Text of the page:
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Keep Moving, Mama!

When you are pregnant, your body goes through a lot of changes physically, emotionally and mentally. While some of who have been very active in the gym prior to your pregnancy still enjoy working out, surely there are some who can barely find the energy to get out of bed every morning.

It is about time to change that…

It is important to keep moving even while you are expecting. Pregnant women who made it a point to keep exercising all throughout their pregnancy have less back pain, more energy and a better body image even post-delivery.

Many of you get it wrong however; being fit does not mean spending the day at the gym or having fancy equipment. All you have to do is spend a maximum of 30 minutes a day going for a walk or doing some easy exercises in the comforts of your own home.


To make it easier for you, we have compiled five easy exercises that are simple, can be done at home and are completely safe to do in each semester.

You only have to follow the moves in the order shown and do them every other day. Be sure to consult your doctor ahead of time before starting this.


Stand parallel to the back of a chair with your closest hand resting on it, feet parallel and hip-distance apart. With your toes and knees turned out to 45 degrees, pull your belly button up and in.

Bend your knees, lowering your torso as low as possible while keeping your back straight. Straighten your legs to return to starting position. Do three sets of ten.

This exercise strengthens: Quadriceps, hamstrings and butt.

Side-Lying Inner and Outer Thigh

Lie on your right side, head supported by your forearm, right leg bent at a 45-degree angle and left leg straight. Place your opposite arm on the floor for stability. Lift left leg to about hip height. Do three sets of ten.

Then, bend your left knee and rest it on top of pillows for support. Straighten your right leg and lift it as high as possible. Switch sides and do three sets of ten.

This exercise strengthens: Core and inner thighs.


Get down on your hands and knees, wrists directly under your shoulders. Lift your knees and straighten your legs behind you until your body forms a straight line. Don’t arch your back or let your belly sag.

Hold for 1 to 2 breaths, working up to 5 breaths.

This exercise strengthens: Core, arms and back.

Curl and Lift

Sit on the edge of a chair with your back straight, feet on the floor, arms at your sides. Hold a five to eight pound weight in each hand, palms facing your body. Bend your elbows so your arms form a 90-degree angle.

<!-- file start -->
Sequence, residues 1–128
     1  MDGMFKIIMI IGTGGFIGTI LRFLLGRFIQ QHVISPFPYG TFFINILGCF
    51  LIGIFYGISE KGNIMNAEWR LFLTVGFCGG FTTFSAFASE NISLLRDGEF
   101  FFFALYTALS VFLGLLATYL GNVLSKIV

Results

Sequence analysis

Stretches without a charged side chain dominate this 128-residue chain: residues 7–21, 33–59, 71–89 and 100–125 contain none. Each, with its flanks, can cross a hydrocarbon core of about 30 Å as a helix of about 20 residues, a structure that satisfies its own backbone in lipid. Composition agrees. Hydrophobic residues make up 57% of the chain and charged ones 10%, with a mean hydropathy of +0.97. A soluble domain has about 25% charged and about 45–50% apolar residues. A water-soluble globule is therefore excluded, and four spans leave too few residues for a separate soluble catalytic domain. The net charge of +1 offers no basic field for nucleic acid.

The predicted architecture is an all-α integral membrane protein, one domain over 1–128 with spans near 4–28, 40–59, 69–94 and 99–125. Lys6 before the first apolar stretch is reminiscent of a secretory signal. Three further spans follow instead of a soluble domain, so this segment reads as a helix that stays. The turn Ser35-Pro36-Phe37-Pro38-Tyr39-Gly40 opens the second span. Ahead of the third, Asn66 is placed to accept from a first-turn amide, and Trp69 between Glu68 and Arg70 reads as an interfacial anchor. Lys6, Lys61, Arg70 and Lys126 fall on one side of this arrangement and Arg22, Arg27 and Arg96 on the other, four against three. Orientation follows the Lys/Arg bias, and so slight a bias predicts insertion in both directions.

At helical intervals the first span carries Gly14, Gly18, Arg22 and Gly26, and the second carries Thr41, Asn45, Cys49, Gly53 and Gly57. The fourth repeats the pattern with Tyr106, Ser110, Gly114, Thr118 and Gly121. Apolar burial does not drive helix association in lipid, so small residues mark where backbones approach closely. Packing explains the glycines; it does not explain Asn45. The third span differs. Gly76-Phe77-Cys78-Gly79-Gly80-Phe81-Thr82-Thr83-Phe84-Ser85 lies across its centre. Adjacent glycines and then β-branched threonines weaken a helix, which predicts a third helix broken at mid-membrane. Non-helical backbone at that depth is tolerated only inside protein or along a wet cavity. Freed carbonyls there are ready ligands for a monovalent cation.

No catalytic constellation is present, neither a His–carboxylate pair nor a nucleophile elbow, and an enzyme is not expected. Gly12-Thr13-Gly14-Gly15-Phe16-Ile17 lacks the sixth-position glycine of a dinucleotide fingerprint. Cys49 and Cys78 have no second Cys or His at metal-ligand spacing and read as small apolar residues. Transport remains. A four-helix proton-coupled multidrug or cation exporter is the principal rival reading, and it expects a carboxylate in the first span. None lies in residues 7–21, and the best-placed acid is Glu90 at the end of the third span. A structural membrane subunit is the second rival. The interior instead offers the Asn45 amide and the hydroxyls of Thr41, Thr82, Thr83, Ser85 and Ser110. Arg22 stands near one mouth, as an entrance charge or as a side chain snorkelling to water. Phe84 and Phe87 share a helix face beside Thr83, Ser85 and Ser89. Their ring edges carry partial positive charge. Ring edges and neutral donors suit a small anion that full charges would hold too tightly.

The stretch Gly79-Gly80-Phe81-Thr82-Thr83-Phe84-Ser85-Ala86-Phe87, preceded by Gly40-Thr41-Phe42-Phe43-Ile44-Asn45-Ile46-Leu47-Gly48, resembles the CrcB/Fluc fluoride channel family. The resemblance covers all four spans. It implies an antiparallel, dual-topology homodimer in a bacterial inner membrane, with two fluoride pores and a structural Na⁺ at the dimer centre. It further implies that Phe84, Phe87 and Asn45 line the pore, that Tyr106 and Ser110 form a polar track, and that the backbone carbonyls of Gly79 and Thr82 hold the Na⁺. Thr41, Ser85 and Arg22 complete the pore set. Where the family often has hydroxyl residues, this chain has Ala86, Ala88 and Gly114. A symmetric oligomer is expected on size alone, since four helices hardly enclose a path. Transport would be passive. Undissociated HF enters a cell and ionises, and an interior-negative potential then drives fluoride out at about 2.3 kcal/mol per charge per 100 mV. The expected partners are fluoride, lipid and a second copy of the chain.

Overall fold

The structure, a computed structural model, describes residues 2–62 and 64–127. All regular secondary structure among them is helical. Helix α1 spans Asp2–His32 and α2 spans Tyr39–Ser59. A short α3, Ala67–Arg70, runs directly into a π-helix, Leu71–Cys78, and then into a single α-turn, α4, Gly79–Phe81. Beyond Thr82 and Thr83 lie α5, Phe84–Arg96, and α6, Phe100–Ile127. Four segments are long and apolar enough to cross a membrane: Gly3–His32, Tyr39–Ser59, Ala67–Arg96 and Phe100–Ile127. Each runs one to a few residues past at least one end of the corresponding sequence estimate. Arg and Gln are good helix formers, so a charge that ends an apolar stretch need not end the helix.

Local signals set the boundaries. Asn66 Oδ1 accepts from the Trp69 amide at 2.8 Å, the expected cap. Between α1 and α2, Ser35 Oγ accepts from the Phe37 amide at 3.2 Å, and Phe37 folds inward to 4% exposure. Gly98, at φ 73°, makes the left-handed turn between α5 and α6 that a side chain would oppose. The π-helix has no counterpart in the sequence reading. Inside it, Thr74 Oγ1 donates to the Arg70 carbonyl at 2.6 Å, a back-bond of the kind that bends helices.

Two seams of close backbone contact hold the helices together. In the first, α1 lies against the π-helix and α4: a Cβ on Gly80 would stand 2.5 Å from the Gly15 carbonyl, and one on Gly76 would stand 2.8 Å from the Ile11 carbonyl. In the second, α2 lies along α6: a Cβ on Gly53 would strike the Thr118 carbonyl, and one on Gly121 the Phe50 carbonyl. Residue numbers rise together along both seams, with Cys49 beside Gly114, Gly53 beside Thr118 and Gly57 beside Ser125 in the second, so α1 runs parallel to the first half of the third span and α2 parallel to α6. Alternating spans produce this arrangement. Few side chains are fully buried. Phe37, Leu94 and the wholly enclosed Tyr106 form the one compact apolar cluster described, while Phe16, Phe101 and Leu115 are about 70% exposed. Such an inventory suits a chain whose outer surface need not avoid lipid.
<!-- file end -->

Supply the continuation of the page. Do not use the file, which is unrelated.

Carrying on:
Then, keeping your elbows bent, lift the weights to shoulder height. Lower your arms to your sides, then straighten to return to starting position. Do three sets of ten.

This exercise strengthens: Biceps and shoulders.

One-Arm Row

Using a chair, place your right knee on the seat, left foot on the floor. Bend forward, back parallel to the floor and place your right hand on the seat. Hold a five to eight pound weight in your left hand, arm extended down and in line with your shoulder, palm facing in.

Bend your left elbow up so that your arm forms a 90-degree angle. Hold, and then return to starting position. Do three sets of ten on each side.

This exercise strengthens: Back, biceps and triceps.


Some of you who find the exercises above to be a piece of cake might think you can take on something more challenging. However, bear in mind that there are some moves you should avoid during pregnancy.

  • Don’t lie flat on your back, particularly after 16 weeks because the weight of your bump presses on the main blood vessel bringing blood back to your heart and this can make you feel faint
  • Don’t take part in contact sports where there’s a risk of being hit, such as kickboxing, judo or squash
  • Don’t go scuba diving, because the baby has no protection against decompression sickness and gas embolism (gas bubbles in the bloodstream)
  • Don’t exercise at heights over 2,500m above sea level until you have acclimatised: this is because you and your baby are at risk of altitude sickness
  • Being active and energetic is an essential part of your pregnancy as it would benefit you in the long run. Even simple workouts, such as a short walk around your neighbourhood and taking the stairs instead of the elevator to your office after lunch would help contribute in keeping your fit and healthy.

Tips & Tricks!

  • Always warm up before exercising and cool down once you are done
  • Try to keep active as much as possible – complete the exercises on alternate days
  • Avoid any strenuous exercise in hot weather
  • Drink plenty of water and other fluids
  • If you attend exercise classes, make sure your trainer is properly qualified, and knows you are pregnant as well as how long into your pregnancy you are
  • Try swimming because the water will support your increased weight

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